The world's nations have achieved a UN goal of cutting in half the proportion of people without access to safe drinking water five years ahead of the 2015 target.
A report issued today by the UN children's agency and the World Health Organisation said more than two billion people gained access to safe drinking water between 1990 and 2010.
That means 89% of the world's population, or 6.1 billion people, had access to safe water sources at the end of 2010 - 1% more than the goal of 88% set by world leaders at the UN Millennium Summit in 2000, the report said.
But the report said 783 million people still have no ready access to safe water.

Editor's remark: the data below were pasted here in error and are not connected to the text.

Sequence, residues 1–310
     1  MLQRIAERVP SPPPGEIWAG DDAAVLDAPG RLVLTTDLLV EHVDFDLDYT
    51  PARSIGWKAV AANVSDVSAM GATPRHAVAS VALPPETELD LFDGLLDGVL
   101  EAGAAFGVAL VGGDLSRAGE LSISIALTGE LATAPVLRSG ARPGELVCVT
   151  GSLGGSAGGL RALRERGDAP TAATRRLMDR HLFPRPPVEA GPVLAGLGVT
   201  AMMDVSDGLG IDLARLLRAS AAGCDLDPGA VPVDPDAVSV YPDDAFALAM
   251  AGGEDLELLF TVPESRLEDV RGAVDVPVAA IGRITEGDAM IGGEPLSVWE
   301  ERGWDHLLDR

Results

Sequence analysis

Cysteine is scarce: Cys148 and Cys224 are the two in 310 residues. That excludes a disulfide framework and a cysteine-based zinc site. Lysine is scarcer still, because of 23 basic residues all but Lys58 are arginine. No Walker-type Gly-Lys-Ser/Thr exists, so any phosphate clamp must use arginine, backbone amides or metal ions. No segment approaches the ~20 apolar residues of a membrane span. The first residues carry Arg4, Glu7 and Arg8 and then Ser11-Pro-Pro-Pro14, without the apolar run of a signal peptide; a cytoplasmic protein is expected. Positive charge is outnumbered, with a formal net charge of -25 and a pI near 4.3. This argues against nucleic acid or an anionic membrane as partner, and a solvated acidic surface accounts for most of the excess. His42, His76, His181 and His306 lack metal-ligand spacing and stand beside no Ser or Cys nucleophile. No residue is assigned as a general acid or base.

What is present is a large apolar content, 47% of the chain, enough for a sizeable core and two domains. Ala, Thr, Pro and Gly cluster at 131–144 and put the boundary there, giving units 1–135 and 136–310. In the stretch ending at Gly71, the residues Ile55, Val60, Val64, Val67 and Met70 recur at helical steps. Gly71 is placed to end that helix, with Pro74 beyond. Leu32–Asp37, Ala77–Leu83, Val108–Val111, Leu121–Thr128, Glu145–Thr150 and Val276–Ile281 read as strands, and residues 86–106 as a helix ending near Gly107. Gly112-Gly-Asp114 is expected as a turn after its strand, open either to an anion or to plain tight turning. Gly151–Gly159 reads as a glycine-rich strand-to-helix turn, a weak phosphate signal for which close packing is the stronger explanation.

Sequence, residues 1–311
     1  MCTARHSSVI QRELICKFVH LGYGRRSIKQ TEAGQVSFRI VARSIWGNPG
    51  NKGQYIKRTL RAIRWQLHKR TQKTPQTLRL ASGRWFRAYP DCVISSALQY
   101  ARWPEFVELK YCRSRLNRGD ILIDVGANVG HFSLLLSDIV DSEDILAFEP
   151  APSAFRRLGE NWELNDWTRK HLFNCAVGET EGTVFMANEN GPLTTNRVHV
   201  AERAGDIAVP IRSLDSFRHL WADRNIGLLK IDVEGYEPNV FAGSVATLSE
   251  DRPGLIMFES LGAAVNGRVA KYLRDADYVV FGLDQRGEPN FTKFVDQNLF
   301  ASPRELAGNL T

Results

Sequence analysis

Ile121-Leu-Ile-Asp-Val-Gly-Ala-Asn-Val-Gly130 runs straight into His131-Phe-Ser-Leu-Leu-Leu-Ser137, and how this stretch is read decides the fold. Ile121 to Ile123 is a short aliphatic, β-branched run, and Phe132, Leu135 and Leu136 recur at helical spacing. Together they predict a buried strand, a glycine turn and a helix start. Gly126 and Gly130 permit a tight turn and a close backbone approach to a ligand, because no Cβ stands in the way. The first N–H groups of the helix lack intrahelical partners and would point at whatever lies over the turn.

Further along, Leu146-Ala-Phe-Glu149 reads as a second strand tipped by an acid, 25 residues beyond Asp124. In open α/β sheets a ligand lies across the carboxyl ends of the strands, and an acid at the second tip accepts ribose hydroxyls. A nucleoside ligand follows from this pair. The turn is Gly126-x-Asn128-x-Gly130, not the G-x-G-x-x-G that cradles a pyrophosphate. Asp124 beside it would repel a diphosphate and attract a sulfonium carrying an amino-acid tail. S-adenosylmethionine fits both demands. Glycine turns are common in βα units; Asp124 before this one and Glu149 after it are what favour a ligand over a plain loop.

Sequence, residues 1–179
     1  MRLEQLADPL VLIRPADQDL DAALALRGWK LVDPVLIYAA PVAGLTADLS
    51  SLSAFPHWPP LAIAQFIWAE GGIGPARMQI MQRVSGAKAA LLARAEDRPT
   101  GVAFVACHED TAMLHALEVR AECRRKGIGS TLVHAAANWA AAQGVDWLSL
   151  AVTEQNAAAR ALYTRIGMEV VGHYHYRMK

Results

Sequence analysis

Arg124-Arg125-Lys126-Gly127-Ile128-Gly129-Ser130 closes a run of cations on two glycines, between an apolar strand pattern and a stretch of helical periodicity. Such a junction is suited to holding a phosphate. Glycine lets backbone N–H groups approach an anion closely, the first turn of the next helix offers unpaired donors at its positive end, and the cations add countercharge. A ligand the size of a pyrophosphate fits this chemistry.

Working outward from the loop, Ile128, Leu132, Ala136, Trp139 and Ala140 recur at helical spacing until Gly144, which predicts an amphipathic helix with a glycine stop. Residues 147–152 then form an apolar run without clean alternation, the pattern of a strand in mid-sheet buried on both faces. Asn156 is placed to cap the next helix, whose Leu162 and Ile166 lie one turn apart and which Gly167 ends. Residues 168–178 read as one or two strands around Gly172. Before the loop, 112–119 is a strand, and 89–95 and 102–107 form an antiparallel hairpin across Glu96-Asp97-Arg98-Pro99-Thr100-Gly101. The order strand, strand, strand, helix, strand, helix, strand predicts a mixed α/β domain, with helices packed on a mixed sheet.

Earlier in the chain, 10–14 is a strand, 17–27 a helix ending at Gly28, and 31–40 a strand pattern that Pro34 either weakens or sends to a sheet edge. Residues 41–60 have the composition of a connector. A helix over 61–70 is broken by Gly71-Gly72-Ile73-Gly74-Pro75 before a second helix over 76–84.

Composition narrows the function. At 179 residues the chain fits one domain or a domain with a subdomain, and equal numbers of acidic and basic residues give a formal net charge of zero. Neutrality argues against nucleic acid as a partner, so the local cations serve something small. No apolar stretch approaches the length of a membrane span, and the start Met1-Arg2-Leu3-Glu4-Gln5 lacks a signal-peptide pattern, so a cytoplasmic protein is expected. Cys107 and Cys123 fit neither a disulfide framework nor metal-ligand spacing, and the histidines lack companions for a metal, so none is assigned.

The UK's International Development Secretary, Andrew Mitchell, said: "This is concrete proof that well-spent aid can make a real difference to the lives of the some of the very poorest.
"There is still much more to do. Millions of the world's poorest people still have no access to either a tap or a lavatory.
"Providing clean, safe water and sanitation remains a top priority. That is why Britain has refocused its aid to areas with the worst access to clean drinking water, sanitation and hygiene."